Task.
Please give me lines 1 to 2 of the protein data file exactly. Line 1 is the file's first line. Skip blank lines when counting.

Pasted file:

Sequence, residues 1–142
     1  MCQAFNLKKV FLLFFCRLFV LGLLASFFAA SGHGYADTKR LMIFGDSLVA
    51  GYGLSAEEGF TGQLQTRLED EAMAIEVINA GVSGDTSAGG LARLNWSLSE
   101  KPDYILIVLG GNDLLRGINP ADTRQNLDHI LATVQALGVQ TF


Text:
Sequence, residues 1–142
     1  MCQAFNLKKV FLLFFCRLFV LGLLASFFAA SGHGYADTKR LMIFGDSLVA